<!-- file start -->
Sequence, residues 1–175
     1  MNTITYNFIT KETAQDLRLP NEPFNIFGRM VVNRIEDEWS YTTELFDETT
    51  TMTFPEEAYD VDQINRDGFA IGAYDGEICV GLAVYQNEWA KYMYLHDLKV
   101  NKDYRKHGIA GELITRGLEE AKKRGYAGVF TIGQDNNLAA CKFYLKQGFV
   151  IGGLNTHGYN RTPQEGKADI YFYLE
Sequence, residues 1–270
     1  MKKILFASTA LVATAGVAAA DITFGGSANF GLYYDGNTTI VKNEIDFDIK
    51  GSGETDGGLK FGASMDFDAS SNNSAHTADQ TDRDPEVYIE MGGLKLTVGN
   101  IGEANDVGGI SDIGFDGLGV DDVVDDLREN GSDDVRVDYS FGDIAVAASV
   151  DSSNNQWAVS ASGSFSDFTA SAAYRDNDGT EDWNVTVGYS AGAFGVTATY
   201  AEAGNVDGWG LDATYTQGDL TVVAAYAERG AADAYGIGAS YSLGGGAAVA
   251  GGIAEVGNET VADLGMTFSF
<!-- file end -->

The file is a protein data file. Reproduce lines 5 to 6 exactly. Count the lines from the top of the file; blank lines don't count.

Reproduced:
   151  IGGLNTHGYN RTPQEGKADI YFYLE
Sequence, residues 1–270